Sunday, January 6, 2013

"Vibration Cooking or the Travel Notes of a Geechee Girl" - Blackeyed Peas a la Santa Clara (for New Year's Day)









Date I made this recipe:  January 1, 2013

Vibration Cooking or the Travel Notes of a Geechee Girl by Vetamae Smart-Grosvenor
Published by:  Ballantine Books New York
© 1970, 1992
Recipe – Blackeyed Peas a la Santa Clara – p. 199

After a rather rough 2012, I am all about doing things that allegedly will bring me luck and so sure enough, I made blackeyed peas on New Year’s Day.  Legend has it that eating peas, particularly blackeyed peas on New Year’s Day brings luck.  This belief is particularly strong with southerners, especially African-American southerners.  I don’t think there are too many southern cookbooks on my shelf that don’t contain a recipe for black-eyed peas, also known as Hoppin’ John.

This recipe for Blackeyed Peas a la Santa Clara comes from the book, Vibration Cooking or the Travel Notes of a Geechee Girl by Vertamae Smart-Grosvenor.  Vertamae, an African American “Geechee Girl” – Geechee being another name for the Gullah people who hail from the Lowcountry region of South Carolina and Georgia – first published this cookbook in 1970.  Her book tells the story of her travels, her friends, her finds and even – and I love this part – poultices and home remedies to use to cure what ails you.

In 1992, Vertamae updated her highly successful book and in the introduction she talked about some of the people who influenced her in her life and how many of them had passed on.  One person she spoke of in particular is the famous African-American writer, James Baldwin.    Of his funeral, she said “His funeral was the best homegoing service, the most spectacular farewell I have ever witnessed or heard about…The funeral was so awesome.  I told my friends, ‘Listen up.  If you don’t think you can have a funeral like Jimmy’s keep your Black ass alive.’”

I almost fell off my chair laughing at that one.  After participating in a friend’s most awesome memorial service this year, I told my husband that except for a few changes here and there, this was exactly how I wanted my memorial to go.  Vertamae knows of what she speaks!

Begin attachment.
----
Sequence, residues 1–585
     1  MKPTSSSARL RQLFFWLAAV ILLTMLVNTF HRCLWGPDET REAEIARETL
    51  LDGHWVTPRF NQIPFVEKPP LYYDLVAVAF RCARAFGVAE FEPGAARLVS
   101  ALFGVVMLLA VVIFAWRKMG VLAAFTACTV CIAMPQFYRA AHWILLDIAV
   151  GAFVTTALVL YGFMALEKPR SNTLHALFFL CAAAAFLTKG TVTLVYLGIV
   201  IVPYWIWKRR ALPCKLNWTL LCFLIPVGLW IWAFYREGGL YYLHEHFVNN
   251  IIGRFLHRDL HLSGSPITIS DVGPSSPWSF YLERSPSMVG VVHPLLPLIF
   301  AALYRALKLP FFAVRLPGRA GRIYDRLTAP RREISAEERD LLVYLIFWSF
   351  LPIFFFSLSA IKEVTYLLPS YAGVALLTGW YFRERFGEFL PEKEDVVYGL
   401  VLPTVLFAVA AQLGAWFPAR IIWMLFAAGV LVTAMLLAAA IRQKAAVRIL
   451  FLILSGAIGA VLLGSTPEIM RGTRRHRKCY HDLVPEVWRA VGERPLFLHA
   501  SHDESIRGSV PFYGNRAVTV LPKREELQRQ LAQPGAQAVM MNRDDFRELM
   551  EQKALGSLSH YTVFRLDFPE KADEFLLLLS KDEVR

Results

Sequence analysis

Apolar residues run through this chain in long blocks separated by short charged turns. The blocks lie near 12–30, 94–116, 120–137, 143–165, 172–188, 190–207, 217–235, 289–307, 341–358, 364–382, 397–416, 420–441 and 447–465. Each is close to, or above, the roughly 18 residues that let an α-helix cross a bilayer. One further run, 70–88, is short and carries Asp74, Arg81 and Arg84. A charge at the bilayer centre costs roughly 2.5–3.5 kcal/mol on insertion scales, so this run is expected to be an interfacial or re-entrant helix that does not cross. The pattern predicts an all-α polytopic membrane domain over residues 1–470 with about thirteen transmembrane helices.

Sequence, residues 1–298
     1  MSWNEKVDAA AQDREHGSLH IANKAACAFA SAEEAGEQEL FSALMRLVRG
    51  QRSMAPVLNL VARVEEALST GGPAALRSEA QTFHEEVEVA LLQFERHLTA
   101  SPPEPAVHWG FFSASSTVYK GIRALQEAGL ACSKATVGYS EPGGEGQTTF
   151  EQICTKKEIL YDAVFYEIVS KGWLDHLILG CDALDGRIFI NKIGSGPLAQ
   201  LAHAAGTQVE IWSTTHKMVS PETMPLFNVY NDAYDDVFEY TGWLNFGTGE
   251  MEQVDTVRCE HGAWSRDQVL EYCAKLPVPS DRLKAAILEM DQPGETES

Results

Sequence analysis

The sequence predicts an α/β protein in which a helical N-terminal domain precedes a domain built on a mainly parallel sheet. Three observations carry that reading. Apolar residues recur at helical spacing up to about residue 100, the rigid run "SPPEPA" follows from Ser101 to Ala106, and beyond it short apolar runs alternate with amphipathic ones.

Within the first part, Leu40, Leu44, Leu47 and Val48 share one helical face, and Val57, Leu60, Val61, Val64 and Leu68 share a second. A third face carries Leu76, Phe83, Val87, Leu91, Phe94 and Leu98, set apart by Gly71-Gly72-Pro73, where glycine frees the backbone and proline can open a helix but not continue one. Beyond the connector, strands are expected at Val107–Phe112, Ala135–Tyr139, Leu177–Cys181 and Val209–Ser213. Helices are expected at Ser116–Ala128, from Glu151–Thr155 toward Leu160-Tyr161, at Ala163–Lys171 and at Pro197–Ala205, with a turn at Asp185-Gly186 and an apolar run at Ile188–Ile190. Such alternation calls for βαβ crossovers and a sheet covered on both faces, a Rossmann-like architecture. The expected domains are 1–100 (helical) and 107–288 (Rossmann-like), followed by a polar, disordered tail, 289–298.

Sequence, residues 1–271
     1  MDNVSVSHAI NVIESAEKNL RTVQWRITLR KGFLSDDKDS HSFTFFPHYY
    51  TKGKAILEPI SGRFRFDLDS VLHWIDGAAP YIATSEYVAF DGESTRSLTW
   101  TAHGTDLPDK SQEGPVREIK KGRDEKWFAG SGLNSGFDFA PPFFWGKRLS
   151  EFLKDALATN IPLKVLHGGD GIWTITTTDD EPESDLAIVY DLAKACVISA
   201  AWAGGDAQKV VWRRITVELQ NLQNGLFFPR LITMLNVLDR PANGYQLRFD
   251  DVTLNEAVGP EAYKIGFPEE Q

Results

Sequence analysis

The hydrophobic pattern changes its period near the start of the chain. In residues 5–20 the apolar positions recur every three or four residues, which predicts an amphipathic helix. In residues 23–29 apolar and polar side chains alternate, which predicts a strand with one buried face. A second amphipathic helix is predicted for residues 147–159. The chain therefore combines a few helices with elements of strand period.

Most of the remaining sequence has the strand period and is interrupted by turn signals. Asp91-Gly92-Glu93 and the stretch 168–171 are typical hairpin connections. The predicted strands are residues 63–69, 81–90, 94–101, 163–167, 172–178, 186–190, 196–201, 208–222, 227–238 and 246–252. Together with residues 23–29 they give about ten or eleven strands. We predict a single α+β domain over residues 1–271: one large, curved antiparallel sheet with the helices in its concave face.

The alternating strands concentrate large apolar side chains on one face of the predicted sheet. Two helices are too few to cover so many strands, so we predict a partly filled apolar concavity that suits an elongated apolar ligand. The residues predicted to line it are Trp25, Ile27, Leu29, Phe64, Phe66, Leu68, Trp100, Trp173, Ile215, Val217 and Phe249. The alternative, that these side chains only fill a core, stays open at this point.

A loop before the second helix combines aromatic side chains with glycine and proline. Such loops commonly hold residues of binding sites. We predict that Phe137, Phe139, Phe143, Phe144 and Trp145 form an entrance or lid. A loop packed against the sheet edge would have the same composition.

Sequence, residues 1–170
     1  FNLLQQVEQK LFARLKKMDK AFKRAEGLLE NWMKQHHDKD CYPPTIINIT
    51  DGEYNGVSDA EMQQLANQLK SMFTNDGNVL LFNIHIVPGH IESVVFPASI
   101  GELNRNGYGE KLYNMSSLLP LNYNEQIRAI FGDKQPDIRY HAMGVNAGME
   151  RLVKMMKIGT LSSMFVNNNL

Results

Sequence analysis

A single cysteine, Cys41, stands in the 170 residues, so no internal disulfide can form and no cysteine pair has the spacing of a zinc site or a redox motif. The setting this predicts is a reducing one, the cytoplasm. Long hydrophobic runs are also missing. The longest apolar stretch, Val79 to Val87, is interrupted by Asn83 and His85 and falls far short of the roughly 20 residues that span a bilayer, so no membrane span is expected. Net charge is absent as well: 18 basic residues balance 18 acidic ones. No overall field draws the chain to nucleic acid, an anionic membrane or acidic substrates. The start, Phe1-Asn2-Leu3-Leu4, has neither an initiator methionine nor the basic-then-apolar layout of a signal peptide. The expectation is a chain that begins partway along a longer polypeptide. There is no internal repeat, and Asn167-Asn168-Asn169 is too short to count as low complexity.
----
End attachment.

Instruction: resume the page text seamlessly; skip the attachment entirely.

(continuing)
As to recipes, part of the thrill (horror?) of reading through older cookbooks is seeing recipes that tell the story of the person, a place or a philosophy about cooking.  For example, it is not atypical of a southern cookbook to include recipes for rabbit, squirrel, possum (um…no?) raccoon or even, in this case, Barbecued Gator Tails.  Right - gotta vote that one down, quite possibly because I don’t live in a gator-friendly climate…for a reason!  People made do with regional foods back then because they had to in order to feed their families while on a tight budget.  Many older cookbooks show also that once upon a time, home cooks used every part of an animal (again, it was more economical to do so) and so it was also not unusual to see recipes for brains or hooves or tripe (part of the stomach).  Now, the very thought of any of those items almost makes me gag and yet the joke is on me as all these things are now making a comeback in fancy restaurants across the country. In some countries like Italy, France and Spain, they never left the menu.  Oh well, to each his/her own.  I tend to like simple and the recipe I selected is about as simple as they come.

Blackeyed Peas a la Santa Clara is a “souped-up” version of your plain old black-eyed peas.  Over time, I have certainly seen my share of “souped-up” variations of this recipe (and by that I mean beyond simmering the beans in water), some adding more or different spices to the mix, some using a ham hock or salt pork to add flavor while others have gone whole hog and used everything but the kitchen sink.  In my household, we had a split vote:  Andy liked the recipe – a recipe that included coriander, oregano and red pepper - “as is” whereas I felt like I could have used even more spice and a few more vegetables to boot.  I also cooked a batch of rice to serve along with the beans and dumplings as some variations of Hoppin’ John also include rice.  It all depends on what you want out of the meal and the basic thing I wanted was to be the recipient of good fortune in 2013; anything after that was gravy!

Here then, is the very simple recipe for Black-Eyed Peas a La Santa Clara.  If y’all want to play with the ingredients, be my guest (I’m sure Vertamae won’t mind) but my blog rule is that I stick to the recipe no matter what.

Happy New Year and may good fortune come your way in 2013!

Black-Eyed Peas a la Santa Clara – serving size not given (but it uses a pound of beans)
1 pound black-eyed peas soaked overnight
1 large onion, chopped
3-4 cloves of garlic, mined
1 crushed dried hot red pepper (or red pepper flakes)
Salt
A touch of cumin (I used about 1 ½ teaspoons and could have used more)
A touch of oregano (I used about 1 ½ teaspoons and could have used more)
Salt (amount not given but be generous to add flavor)
1 cup flour
½ tablespoon baking powder
1 egg, slightly beaten
1/3 cup milk
¼ cup chopped cilantro (coriander)

Soak a pound of dried black-eyed peas overnight.  Discard the discolored ones.  Rinse, drain and set aside.

In a heavy pot, saut√© the onion, garlic, hot red pepper, then add the salt, cumin and oregano.  Then add the peas and water and cook until tender.  Ann’s Note:  this recipe didn’t say how long to cook before I achieved “tender” so I Googled “black-eyed peas” and cooked them for an hour.

In a bowl, mix the flour, baking powder, egg and milk.  Add about ¼ cup chopped cilantro (coriander).  Blend well and drop by rounded spoonful into the peas.  Cover and cook for another 15 minutes.







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